Making Peace Vigil

Standing up for peace


Posted by strattof on February 1, 2013


Idle No More started as a response to the Harper government’s second omnibus budget bill, Bill C-45. An omnibus bill is a proposed law that packages together a number of different bills or measures into one piece of legislation to be accepted in a single vote.

Omnibus bills are not illegal. However, if an omnibus bill is lengthy and puts together many unrelated measures, it becomes an affront to and an assault on democracy. 

Bill C-45 is 457 pages long and combines 60 different measures. As a result, MPs – not to mention ordinary Canadians – will have had difficulty knowing what is in the bill. The scale and scope of the bill also means that the measures were not subject to the usual detailed clause-by-clause analysis by committees or parliament.

In short, omnibus bills, such as Bill C-45, are a stealthy way to slip legislation past the Canadian public and to force it unscrutinized through parliament. 


Bill C-45 radically alters the Navigable Waters Protection Act, Canada’s first environmental law, passed by Parliament in 1882. The changes drastically weaken the environmental protection of Canada’s waterways, excluding 99% of Canadian lakes and rivers from federal environmental oversight. The bill also exempts pipelines from the act.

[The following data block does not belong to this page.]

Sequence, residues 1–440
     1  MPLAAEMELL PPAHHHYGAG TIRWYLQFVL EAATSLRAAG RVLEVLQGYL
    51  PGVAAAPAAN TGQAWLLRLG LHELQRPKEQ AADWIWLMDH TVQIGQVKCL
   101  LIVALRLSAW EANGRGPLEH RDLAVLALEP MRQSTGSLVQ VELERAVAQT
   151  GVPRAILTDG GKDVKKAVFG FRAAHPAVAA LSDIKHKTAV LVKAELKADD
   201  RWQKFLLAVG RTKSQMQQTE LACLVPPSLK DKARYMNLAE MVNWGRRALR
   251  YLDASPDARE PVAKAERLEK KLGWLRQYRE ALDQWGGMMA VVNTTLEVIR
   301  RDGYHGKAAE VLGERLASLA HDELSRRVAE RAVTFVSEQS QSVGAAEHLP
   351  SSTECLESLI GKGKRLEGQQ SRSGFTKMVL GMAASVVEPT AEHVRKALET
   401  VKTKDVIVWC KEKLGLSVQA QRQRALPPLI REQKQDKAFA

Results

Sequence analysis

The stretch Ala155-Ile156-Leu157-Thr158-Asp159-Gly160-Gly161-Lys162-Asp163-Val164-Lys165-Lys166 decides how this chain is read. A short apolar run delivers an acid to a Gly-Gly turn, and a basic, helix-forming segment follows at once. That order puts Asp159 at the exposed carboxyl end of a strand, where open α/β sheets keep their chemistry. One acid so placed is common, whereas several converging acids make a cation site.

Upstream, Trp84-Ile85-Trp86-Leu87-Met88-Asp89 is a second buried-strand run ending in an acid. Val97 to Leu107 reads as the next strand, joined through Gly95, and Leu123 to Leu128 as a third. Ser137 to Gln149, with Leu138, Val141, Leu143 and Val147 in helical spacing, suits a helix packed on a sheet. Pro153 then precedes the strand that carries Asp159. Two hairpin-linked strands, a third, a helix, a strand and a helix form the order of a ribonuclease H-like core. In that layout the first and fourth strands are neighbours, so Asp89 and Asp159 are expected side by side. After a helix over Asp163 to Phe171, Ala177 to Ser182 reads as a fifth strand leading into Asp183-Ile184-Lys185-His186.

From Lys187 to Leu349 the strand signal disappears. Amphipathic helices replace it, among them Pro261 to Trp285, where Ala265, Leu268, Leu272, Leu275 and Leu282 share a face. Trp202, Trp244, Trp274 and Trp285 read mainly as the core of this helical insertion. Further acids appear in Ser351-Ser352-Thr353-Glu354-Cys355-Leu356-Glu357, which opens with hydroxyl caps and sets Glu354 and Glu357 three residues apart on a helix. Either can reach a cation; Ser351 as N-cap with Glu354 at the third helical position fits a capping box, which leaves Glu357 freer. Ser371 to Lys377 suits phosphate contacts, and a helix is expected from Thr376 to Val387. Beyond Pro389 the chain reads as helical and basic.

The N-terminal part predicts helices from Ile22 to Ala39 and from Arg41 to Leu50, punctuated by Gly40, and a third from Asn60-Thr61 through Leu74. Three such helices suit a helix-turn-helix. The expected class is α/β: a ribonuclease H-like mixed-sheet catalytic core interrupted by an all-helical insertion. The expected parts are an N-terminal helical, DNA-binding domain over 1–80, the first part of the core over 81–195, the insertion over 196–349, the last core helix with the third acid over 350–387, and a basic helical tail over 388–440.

These changes will have a negative impact on all Canadians:

  • They put clean drinking water at risk.
  • They will negatively affect fish and fisheries.
  • They violate First Nations Treaty rights. Waterways were never surrendered. The changes were made without consultation or consent.

Who will benefit from these changes? Natural resource industries. Projects, such as Enbridge’s Northern Gateway pipeline, will now have free reign to disrupt and impact Canadian waterways with no regard for the environment or human health.

Bill C-45 is not the Harper government’s first attack on environmental regulations. Since 2006, it has been working to dismantle environmental monitoring systems that stand in the way of resource development.


All Canadians, whether Indigenous or non-Indigenous, benefit from the Treaties. The Scarth Street Mall, where we stand every Thursday, is on Treaty 4 land. So too are Taylor Field and Wascana Park.

First Nations have kept their side of the Treaty agreements. The Canadian government, on the other hand, has frequently failed to recognize its Treaty commitments.

These failures include:

  • Education: A child who attends school on a reserve receives on average 25% less in government funding than other Canadian children.
  • Housing: On-reserve housing is a Treaty right. Reserve housing has been chronically underfunded since at least the 1950s.
  • Resource sharing: Much of Canada’s wealth comes from the exploitation of natural resources, many of which are on First Nations land. Wealth derived from these resources is not being shared, as spelled out in Treaty agreements.

These failures are the reason First Nations live in poverty more than any other people in Canada.




  • October 28 2011: Chief Theresa Spence declared a state of emergency on Attawapiskat First Nation.